The Hills Are Alive With The Sound Of Train Whistles

In Northern England, the hills used to be home to steam trains. The trains have long faded into history, but the sound of their whistle is making a brief return. Artist [Steve Messam] has created “Whistle” as part of The Great Exhibition of the North. [Steve] doesn’t cover the installation on his website yet, but there have been a few great articles about it in the local press.

Whistle consists of 16 steam engine whistles around Newcastle. From June 22 to September 9, you can hear the whistles at 1pm. First one whistle sounds, then another, then another after that. In all, 16 whistles are included in the art installation, all controlled by Raspberry Pi computers. The Pi’s were programmed by Nebula Labs. Tech details are slim on this one, but we’re guessing each Pi has a Cellular radio built-in.

The whistles used in this installation aren’t old train whistles. They are brand new cast brass whistles based upon the original steam train sounders. The compressed air available today doesn’t sound exactly like steam though, so the brass whistles were modified to sound more authentic. [Steve’s] idea is to get the whistle as perfect as possible, which will trigger the memories of those who are old enough to have heard the originals.

Want to know more about steam engines? Check out this Retrotechtacular about repairing steam locomotives!

19 thoughts on “The Hills Are Alive With The Sound Of Train Whistles

  1. Now there needs to be an article on why air through a steam whistle doesn’t sound like steam. I’ve heard steam whistles, and I’ve heard them with air blowing through them. There’s a lot of difference in the sound.

    Some years ago, one of the Union Pacific trains that regularly ran through town had a steam whistle hooked up in place of the air horns. Sounded so much better, but of course not like if it had steam. I assume either the engineer retired and took the whistle or the railroad regulators made him put the horns back.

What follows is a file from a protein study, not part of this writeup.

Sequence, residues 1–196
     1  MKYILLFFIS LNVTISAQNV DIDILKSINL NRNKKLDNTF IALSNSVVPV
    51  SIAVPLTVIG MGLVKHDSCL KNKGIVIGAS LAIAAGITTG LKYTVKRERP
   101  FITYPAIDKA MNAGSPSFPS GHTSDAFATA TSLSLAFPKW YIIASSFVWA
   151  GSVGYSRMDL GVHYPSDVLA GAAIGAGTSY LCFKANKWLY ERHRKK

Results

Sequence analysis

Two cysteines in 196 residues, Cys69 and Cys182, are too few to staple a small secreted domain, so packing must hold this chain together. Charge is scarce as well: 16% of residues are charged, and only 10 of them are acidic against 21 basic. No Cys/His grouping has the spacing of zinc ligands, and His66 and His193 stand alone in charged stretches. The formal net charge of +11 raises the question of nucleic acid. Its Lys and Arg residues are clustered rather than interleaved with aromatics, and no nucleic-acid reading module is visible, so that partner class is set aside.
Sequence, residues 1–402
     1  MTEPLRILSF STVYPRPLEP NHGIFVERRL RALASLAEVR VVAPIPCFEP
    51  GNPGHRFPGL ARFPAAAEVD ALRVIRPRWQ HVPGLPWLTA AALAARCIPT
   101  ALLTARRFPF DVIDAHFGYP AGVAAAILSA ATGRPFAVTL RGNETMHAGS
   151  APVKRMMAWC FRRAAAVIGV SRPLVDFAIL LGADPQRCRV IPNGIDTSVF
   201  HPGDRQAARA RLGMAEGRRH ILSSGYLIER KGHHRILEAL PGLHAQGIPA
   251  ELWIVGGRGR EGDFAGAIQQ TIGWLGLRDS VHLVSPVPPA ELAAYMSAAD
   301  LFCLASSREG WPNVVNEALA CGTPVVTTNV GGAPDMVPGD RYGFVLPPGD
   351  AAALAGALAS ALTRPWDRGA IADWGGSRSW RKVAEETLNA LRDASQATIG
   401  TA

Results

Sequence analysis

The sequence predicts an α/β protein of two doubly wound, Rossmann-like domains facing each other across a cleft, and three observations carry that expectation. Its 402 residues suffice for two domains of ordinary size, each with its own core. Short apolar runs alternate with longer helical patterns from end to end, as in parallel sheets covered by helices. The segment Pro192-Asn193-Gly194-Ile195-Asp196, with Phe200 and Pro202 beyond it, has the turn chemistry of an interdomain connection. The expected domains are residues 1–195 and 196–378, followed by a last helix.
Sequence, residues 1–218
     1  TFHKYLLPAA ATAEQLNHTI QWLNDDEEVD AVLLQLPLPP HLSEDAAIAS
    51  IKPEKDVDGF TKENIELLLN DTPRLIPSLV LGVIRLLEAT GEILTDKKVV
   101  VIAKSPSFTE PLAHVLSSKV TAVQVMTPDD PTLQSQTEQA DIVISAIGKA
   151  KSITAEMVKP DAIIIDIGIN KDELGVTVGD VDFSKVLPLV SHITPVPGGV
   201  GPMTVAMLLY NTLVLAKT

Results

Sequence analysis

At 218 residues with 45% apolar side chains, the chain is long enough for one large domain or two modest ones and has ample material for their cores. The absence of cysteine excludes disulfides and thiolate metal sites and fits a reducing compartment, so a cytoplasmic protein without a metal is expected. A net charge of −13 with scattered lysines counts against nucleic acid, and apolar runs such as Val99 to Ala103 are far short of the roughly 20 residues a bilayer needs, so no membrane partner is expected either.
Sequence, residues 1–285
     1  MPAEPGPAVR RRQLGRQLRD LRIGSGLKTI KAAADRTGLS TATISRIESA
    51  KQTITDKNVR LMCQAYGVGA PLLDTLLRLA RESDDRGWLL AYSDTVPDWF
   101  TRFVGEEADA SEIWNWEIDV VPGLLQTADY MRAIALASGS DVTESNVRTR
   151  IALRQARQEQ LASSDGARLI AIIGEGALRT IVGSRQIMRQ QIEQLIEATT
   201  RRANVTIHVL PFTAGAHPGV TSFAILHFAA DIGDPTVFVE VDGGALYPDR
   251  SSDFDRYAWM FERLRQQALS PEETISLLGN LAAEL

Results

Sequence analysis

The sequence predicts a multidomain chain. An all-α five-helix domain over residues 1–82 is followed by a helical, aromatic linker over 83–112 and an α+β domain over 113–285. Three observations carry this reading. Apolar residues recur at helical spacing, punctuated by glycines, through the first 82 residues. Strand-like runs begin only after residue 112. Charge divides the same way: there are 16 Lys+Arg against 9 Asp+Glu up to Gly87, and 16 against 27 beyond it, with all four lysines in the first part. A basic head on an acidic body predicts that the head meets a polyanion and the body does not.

1. Suggestions are made in the author’s project description (see link above)
      “Obviously steam engines use steam instead of compressed air and this in turn makes a difference in the sound. Warm air and steam raise the pitch significantly. The first test on CO2 was a very low note as the gas was expanding liquid gas, and so very cold.

      Steam engine whistles have a characteristic rise in pitch as they sound – this is caused partly by the increase in pressure as the regulator is opened, and partly the steam warming up the air in the whistle. “

  2. So if you are going for authentic sound, why not use actual steam? Back in the 70’s my dad built a small propane powered boiler specifically for the purpose of blowing a steam whistle. Wasn’t very complicated.

    1. The Elf and Save Tea Department would veto it. Can’t have pressurised inflammable gas cylinders, pressurised boiling water and, heavens above, STEAM !?!. The safety permits would take months and the contingency training would be impossible.

    2. I immediately found myself wondering whether there will be some attempt to simulate the doppler change of pitch that is heard when the steam railway engine is moving.

      Steam and air whistles have their own subset of hackerdom. There are people who maintain and run the air-driven 43-note Tangley Calliaphone, the steam calliopes on the few remaining river steamboats, and the equipment for playing them from punched paper music rolls or from MIDI or similar computer interfaces. The Mechanical Music Digest has a section on the calliope:

  3. Seems to me the installation is intended to run for an extended period without direct supervision. While it would be possible to make autonomous steam boilers the amount of safety precautions that have to be taken make it an engineering project unto itself and probably complicate matters too much over simply adjusting the pitch of the whistles.

  4. Awesome concept, and clever implementation. But I can’t help but hope there’s a large-scale campaign to make certain that everyone within hearing range knows what’s going on…

    e.g. “triggering memories,” in such a way, of folk already in, or questioning their own, senility sounds a bit dangerous if they’re still with-it enough to know that train stopped running long ago.
    E.G.2, from experience, a lifetime’s experience knows day-birds don’t sing at midnight; so don’t friggin’ plant a fake bird-call next to a senior-citizen’s-home! May sound funny, but those friggin’ things, allegedly for keeping bird-shit off parked cars, were waging psychological warfare on hundreds of people.

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